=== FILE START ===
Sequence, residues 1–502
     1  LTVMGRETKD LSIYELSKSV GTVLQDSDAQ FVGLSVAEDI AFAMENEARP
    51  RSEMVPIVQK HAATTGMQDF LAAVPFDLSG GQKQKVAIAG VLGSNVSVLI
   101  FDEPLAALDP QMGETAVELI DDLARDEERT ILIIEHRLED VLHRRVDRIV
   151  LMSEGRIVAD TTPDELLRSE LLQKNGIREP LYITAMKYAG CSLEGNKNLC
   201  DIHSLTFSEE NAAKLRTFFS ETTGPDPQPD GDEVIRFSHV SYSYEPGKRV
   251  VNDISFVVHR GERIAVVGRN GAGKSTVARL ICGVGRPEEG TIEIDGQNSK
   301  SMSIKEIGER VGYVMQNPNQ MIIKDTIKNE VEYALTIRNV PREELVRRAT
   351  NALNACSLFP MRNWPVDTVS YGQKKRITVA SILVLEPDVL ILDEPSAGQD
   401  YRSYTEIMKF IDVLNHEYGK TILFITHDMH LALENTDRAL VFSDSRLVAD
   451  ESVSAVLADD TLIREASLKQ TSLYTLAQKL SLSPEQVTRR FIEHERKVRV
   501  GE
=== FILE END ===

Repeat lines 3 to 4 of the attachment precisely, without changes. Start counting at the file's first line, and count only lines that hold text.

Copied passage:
    51  RSEMVPIVQK HAATTGMQDF LAAVPFDLSG GQKQKVAIAG VLGSNVSVLI
   101  FDEPLAALDP QMGETAVELI DDLARDEERT ILIIEHRLED VLHRRVDRIV